It is truly the Beloved who visits you.
Yes, but he comes invisible, hidden, and incomprehensible.
He comes to touch you, not to be seen,
he makes you taste of him, not to pour himself out in you entirely.
He comes to draw your affection not to satisfy your desire.
(Hugh of St Victor)
(Someone suggested that I put more effort into keeping up the blog when I am not on the road. I am not sure I can do this consistently, but here I am giving it a try. Since the Sangha is reading Aldous Huxley’s Perennial Philosophy together I thought that might give me some fodder and inspire some commentary. We’ll see how it goes…)
I’ve been reading a second book of Abbot Mark Patrick Hederman recently, this one entitled “Manikon Eros: Mad Crazy Love.” (The first one I read about which I wrote some while on the road was Underground Cathedrals.) I'm taking these ideas mainly from Chapter 3 of this new book, "Pleasure for Pleasure." He writes quite a but about eros, that breed of love that I have been rather fascinated with intellectually and personally for some ten years. There is a title of a book in Italian that sort of sums up my quest: “Eros Redento––Eros Redeemed.” It all started out with a few sentences of
Bede Griffiths written to his beloved Russill:
Agape without eros simply does not work. It leaves our human nature starved. Of course, eros without agape is equally disastrous. It leaves us to the compulsion of human and sexual love . . . In meditation we can learn to let our own natural desires, our eros, awaken and surrender it to God, that is, let it be taken up into agape. It must neither be suppressed nor indulged. It is surrender that is called for . . .
These sentences were also the basis of an article I wrote called “Awaken and Surrender.” That coupled with the mystic Dionysius the Areopagite who wrote in the “Divine Names” that “In God, eros is outgoing, ecstatic. Because of it lovers no longer belong to themselves but to those whom they love.” Hederman (henceforth MPH) is addressing all forms of eros, at its most primal sexual as well as our eros for God and God’s eros for us.
There is a slippery slope here that I keep running into, and that is the “knife-edge,” to use a phrase Huxley mentions several times, between liberty-freedom and license. In other words, the awakening is one aspect; the surrendering is quite another.
MPH is using Aquinas’ three-fold understanding of the soul, that the soul is vegetal, sensory and spiritual. (Not too far a stretch to see the Spirit, Soul and Body anthropology applying, is it?) Traditionally Western Greek philosophy speaks of three parts of the soul; I like to think of the three functions of the soul: the vegetal, the sensory and the spiritual.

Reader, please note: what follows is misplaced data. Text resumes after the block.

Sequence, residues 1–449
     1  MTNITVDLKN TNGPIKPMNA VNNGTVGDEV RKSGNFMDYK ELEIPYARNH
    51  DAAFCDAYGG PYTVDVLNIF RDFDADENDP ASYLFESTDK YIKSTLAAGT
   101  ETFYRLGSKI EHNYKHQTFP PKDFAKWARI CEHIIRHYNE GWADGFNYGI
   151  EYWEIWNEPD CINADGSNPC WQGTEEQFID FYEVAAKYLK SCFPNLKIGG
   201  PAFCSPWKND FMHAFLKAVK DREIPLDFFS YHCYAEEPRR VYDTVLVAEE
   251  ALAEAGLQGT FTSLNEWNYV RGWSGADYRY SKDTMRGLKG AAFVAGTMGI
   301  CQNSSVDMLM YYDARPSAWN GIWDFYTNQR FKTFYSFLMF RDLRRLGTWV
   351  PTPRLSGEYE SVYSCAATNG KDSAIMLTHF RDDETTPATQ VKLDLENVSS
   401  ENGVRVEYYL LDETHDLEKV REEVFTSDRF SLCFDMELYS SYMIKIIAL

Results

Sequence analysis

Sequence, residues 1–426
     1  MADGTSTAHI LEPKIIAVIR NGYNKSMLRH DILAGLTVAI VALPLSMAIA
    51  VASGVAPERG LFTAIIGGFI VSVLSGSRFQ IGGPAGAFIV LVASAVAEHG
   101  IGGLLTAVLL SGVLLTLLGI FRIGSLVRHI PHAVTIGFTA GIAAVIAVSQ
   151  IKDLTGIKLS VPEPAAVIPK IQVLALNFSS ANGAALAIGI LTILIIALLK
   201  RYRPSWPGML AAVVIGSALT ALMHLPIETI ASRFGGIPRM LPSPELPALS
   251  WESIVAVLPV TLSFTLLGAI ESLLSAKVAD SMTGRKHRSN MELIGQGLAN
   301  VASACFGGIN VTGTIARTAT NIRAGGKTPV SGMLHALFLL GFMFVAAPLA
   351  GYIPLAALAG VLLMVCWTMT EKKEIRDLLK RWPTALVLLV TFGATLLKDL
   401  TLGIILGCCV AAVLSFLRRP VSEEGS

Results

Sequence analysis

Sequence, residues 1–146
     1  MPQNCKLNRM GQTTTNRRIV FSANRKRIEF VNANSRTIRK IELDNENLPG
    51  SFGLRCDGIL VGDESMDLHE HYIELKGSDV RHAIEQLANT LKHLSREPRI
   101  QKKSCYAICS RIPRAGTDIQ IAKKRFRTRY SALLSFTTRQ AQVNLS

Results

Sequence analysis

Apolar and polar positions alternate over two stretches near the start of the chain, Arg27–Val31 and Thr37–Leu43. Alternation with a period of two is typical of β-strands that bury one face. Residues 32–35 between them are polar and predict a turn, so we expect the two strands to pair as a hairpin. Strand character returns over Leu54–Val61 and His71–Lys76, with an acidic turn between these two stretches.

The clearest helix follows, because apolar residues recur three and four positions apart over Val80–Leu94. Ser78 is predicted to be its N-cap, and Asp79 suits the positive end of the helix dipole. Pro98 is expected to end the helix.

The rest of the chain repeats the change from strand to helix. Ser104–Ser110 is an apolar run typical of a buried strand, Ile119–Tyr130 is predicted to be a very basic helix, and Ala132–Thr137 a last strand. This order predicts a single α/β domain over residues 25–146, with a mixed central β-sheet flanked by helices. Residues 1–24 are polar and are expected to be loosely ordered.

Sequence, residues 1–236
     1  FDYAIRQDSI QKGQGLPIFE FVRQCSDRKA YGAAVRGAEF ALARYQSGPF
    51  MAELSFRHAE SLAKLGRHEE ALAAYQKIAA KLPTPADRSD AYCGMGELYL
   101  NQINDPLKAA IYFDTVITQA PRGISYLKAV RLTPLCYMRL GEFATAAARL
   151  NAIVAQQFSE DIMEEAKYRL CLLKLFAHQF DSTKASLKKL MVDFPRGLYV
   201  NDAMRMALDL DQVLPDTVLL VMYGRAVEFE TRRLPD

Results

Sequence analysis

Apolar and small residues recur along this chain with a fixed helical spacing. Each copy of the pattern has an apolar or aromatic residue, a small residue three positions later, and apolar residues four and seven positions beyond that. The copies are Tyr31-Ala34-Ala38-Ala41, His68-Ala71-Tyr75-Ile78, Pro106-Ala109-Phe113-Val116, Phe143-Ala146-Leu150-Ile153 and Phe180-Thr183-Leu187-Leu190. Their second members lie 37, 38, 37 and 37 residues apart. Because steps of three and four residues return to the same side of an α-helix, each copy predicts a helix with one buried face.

And then he distinguished between needs and desires.
• The vegetal part of the soul has needs, biological needs.
• The spiritual part of the soul has desires, the desire for ultimate happiness.
• Between those two is the sensory soul that has both needs and desires.
Now, here I take off in my own language and use of this model.
• The biological needs of the vegetal soul are obvious, and always, though sometimes grudgingly acknowledged as such by spiritual traditions––though there is always the danger of “angelism” and excesses of mortification.
• The needs of the sensory soul are the normal emotional psycho-sexual needs of human development and growth, real needs, the love of the mother, the security of the father, the mirroring.
• The desires, on the other hand, are for pleasure, but I think those pleasures are intimately tied to those needs. Sometimes religious traditions will refer to them as “legitimate pleasures.” But MPH is suggesting that they are beyond legitimate––they are necessary. I think right away of the great work of Thomas More in his books Care of the Soul and Soul Mates, how he opened up for me the whole realm of soul-making, from psychology through the arts on up into spirituality. And also of Bede’s phrase: “Agape without eros simply does not work. It leaves our human nature starved.”
• But there is a contradiction that makes up the nature of desire: we must have pleasure or our souls will starve; but pleasure can satisfy only for a time––it is never infinite nor absolute.
• Here we make a distinction here between pleasure and happiness. Pleasure means finite, evanescent things. Happiness on the other hand means eternal, everlasting things. Also, pleasures are “satisfied,” temporary fixes, if you will; happiness instead is fulfillment, eternal. And that of course is the domain of the spiritual part of the soul––happiness, fulfillment, the thirst for the eternal, the everlasting.